By LOIS KINDLE
Everyone knows about the Sun City Center Security Patrol’s all-volunteer street monitoring and subsequent deterrence of crime in the community. But not as many know about another free service it provides, helping lost pets reunite with their owners.
Thanks to the Sun City Center Dog Owners Group, the patrol has a scanner that reads microchips, which has enabled the patrol to help rescue about 100 dogs and even a few cats, said Chief Fred Fiedler.
“On average, we get reports from residents three or four times a month about dogs wandering in their neighborhoods or from owners whose dogs are lost,” he said. “In Sun City Center, since most of the dogs have microchips, we’re able to do a scan and find out where their owners live and return their pets quickly. A few animals without chips are posted on social media.”
Fiedler said Sun City Center D.O.G. offered the patrol the scanner three years ago.
“It was a gift we really appreciated,” he said. “We’re all dog lovers here, and it’s a wonderful feeling to return one that’s lost to its owner.”
Connie Lesko is one of those owners.
“Our dog, Pearl, got out of our house one day though the front door, which we thought had been locked, but it didn’t latch all the way,” she said. “It had blown open just enough for her to escape, while we were away.
“A neighbor down our very busy street spotted her walking along, called to her, gave her water and put her in the garage, before calling the Sun City Center Security Patrol,” Lesko added. “She knew the patrol had a pet scanner.”
A patrol volunteer came out, scanned Pearl and learned she lived just down the street. With the information registered with the chip, the neighbor was able to call Lesko to come get her.
“We’re so grateful our neighbor cared enough to get involved by calling out to Pearl and that she knew about the scanner,” Lesko said. “I immediately called Fred to tell him how wonderful it was for the patrol to help.”
“We purchased the scanner in 2017 and donated it to the Security Patrol as a good deed,” said Bob Bagley, president of Sun City Center D.O.G. “We’re always looking out for the dogs of our community. It’s a win for everyone involved – for us, the patrol, the owner and the dog.”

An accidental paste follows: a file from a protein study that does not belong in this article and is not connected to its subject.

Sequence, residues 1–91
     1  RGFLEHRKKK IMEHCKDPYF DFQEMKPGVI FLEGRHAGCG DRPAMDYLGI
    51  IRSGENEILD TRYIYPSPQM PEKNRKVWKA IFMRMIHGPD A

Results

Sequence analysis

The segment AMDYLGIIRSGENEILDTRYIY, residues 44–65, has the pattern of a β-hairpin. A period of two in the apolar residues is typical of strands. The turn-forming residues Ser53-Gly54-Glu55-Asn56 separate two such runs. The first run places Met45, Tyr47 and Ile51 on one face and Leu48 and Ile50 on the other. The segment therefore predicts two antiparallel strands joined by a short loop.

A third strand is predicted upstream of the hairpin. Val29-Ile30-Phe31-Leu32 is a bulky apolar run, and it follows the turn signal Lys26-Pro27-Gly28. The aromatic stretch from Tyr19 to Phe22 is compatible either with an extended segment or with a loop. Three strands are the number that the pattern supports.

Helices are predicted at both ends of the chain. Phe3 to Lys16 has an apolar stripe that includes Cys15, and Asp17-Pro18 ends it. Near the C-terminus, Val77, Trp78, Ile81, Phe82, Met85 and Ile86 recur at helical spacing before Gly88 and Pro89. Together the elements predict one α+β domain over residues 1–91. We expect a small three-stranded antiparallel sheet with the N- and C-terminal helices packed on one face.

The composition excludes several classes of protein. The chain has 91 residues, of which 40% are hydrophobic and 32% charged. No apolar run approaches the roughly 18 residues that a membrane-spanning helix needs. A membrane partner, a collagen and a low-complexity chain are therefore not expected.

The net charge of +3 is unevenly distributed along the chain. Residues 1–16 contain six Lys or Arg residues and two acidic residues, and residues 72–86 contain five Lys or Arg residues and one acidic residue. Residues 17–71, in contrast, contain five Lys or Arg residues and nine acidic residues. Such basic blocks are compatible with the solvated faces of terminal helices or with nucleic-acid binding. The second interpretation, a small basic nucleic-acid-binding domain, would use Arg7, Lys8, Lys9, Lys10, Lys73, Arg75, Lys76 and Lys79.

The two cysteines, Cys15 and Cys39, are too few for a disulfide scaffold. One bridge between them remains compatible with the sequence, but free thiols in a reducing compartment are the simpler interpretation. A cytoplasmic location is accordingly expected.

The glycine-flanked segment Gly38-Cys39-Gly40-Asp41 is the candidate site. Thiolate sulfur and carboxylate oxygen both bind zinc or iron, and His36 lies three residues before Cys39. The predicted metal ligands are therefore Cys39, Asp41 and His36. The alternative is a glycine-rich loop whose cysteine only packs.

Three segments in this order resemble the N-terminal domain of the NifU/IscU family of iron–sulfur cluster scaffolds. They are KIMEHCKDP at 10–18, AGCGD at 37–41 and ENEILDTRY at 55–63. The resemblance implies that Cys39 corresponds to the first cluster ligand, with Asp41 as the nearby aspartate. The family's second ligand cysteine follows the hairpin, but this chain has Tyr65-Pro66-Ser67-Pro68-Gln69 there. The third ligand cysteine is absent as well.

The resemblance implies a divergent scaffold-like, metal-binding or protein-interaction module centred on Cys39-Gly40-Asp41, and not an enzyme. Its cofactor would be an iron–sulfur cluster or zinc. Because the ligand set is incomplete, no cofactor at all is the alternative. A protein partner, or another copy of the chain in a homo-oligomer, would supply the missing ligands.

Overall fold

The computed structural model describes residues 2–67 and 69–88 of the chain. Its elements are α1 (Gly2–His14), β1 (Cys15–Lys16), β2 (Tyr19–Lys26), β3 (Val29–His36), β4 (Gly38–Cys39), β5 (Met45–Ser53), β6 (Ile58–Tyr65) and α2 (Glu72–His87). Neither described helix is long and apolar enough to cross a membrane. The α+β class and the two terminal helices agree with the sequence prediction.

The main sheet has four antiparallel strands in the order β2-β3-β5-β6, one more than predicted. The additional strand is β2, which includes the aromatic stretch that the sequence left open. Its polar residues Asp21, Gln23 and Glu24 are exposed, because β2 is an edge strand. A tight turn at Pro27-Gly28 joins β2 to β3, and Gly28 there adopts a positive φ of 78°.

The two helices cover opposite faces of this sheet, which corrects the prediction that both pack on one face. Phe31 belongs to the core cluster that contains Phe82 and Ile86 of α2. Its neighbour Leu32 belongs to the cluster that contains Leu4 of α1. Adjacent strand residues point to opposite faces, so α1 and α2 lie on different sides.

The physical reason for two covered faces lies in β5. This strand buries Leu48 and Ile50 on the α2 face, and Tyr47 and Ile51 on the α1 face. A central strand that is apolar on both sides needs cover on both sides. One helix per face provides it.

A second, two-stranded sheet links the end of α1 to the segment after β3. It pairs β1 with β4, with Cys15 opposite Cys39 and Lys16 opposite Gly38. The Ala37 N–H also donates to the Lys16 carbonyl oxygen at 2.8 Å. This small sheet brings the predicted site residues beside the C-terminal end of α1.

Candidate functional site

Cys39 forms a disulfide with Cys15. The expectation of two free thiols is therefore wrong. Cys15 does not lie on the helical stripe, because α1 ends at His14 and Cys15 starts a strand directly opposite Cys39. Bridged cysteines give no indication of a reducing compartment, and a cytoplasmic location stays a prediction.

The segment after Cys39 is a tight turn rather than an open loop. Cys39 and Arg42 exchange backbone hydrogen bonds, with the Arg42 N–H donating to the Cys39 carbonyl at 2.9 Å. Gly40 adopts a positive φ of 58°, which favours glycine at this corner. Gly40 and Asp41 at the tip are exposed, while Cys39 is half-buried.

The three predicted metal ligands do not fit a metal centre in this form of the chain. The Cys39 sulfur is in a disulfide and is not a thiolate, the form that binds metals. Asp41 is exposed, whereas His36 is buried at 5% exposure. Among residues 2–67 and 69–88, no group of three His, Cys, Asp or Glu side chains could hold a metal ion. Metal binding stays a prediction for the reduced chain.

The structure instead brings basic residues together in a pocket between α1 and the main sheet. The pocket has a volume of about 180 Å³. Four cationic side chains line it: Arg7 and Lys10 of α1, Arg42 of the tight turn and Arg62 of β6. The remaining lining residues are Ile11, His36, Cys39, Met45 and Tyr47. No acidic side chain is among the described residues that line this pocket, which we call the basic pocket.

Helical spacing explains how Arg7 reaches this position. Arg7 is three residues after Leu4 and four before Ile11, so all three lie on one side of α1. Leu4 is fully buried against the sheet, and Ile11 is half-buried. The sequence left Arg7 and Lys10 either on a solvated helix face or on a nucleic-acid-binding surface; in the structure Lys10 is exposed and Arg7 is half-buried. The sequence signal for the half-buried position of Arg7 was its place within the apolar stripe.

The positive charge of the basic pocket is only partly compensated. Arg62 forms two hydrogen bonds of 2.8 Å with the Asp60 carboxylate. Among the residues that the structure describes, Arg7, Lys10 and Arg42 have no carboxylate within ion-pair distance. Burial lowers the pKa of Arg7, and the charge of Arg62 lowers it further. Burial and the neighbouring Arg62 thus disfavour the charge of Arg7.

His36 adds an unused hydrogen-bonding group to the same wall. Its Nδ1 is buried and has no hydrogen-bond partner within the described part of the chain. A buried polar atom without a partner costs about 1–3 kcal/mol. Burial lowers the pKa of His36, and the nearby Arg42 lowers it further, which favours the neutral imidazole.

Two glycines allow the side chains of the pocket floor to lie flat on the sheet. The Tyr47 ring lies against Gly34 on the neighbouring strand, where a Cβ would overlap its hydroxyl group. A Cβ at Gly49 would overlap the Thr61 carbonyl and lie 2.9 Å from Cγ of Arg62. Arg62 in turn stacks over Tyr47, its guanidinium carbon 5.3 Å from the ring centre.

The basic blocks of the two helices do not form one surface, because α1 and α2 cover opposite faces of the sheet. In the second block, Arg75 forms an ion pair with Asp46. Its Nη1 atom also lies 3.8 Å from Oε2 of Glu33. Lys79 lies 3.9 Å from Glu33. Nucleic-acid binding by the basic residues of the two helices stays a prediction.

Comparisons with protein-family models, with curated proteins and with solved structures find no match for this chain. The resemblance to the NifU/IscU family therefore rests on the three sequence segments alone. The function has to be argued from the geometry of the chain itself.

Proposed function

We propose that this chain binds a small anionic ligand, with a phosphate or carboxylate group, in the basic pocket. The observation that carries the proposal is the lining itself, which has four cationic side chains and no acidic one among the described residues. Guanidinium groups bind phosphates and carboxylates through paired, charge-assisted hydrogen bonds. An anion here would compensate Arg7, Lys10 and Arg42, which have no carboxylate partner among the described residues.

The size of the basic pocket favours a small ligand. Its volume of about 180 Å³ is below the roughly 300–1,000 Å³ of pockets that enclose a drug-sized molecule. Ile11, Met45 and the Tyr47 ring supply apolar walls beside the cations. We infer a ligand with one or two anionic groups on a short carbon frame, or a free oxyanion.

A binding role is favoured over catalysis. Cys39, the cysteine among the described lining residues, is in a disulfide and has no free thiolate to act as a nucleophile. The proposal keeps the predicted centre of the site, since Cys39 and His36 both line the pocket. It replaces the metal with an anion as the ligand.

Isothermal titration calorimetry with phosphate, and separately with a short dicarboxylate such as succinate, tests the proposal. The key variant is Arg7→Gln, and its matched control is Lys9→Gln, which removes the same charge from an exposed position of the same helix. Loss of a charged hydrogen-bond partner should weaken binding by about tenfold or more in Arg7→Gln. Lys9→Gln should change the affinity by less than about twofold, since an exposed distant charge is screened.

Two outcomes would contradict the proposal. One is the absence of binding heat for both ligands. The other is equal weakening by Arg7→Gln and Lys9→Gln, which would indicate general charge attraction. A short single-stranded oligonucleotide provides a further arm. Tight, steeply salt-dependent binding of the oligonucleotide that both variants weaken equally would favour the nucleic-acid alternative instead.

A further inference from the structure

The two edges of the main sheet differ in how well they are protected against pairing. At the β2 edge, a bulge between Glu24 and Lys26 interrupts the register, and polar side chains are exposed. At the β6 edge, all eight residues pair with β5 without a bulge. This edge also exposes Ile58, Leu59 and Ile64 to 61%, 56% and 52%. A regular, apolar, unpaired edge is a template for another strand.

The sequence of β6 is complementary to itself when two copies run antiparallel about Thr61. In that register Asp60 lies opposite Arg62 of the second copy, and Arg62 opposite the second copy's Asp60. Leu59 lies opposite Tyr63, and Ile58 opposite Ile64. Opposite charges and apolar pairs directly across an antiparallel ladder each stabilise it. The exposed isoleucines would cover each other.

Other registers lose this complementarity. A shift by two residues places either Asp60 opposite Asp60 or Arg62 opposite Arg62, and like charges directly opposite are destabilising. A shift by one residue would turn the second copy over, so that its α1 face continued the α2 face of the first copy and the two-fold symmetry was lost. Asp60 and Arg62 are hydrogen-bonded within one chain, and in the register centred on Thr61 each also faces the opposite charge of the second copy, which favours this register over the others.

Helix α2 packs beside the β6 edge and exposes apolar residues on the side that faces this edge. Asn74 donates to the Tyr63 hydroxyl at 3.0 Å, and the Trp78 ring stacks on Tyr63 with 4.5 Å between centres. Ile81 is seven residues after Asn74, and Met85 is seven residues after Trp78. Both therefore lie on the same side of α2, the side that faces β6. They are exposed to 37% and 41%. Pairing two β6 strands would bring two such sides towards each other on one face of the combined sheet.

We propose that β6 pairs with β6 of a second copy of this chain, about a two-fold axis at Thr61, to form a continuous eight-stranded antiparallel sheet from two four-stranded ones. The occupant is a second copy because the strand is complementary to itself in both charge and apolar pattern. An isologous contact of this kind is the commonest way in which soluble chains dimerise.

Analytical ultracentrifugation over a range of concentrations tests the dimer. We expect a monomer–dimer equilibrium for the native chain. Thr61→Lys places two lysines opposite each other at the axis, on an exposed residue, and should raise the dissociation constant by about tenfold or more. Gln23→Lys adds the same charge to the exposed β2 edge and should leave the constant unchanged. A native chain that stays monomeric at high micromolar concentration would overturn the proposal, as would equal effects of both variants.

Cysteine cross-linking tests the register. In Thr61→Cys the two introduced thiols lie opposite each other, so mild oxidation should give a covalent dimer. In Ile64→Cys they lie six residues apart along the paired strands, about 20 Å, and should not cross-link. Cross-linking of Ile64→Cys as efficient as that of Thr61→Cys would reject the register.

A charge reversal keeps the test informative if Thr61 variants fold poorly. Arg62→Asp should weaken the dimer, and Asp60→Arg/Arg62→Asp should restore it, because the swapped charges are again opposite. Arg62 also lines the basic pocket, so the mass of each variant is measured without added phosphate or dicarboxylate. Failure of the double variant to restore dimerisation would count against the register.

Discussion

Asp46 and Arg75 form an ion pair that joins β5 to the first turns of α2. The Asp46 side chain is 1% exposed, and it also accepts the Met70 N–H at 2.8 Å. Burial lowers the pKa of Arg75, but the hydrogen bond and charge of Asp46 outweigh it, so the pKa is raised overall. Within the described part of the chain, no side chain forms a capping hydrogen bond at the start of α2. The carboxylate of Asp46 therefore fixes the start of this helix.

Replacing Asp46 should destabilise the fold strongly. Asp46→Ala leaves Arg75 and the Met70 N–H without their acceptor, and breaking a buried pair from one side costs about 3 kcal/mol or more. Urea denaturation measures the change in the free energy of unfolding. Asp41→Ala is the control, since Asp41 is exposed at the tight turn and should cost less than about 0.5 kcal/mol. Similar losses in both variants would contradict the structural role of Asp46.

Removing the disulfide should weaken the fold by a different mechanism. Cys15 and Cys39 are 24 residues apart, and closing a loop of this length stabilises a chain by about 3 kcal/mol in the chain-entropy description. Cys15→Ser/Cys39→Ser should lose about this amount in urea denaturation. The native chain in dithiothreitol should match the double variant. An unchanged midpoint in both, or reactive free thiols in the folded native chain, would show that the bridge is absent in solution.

Pet experts say one of the surest ways of getting a lost pet back is to have it microchipped.
The tiny radio-frequency transponder has its own unique identification number. About the size of a grain of rice, the microchip generally is injected by a veterinarian under the loose skin between a dog or cat’s shoulder blades. The inexpensive procedure is like getting a vaccination.
When properly registered with the manufacturer, it can be scanned to determine the name, location and phone number of the animal’s owner. It’s essential this information is updated every time the owner moves.
“Pets are as much loved as kids in this community,” Fiedler said. “It’s a member of the family, and the microchip protects it. A pet can’t talk, but a chip talks for them. It tells us where the pet belongs.”
Security patrol volunteers will be at Club Renaissance Sept. 16 from 10 a.m. to 2 p.m., selling raffle tickets for the patrol’s December drawing for a 2020 Evolution golf cart. The suggested donation for tickets is $5 each, $20 for five, $50 for 15 or $100 for 30. All proceeds from this annual fundraiser benefit the nonprofit patrol.
The Sun City Center Security Patrol is partnering with The First Tee of St. Petersburg’s mentoring program for at-risk youth. From Sept. 18 to 25, any used individual clubs, full sets, bags or headcovers, even gently used apparel, may be dropped off at the patrol office, 1225 Pebble Beach Blvd. N, to help First Tee teach life skills and the game of golf to kids ages 6 to 18.
Residents may also make a tax-deductible cash donation by emailing firstname.lastname@example.org or calling 727-685-5758.
For more information or to have a lost pet scanned, call 813-642-2020 or visit www.sccpatrol.org.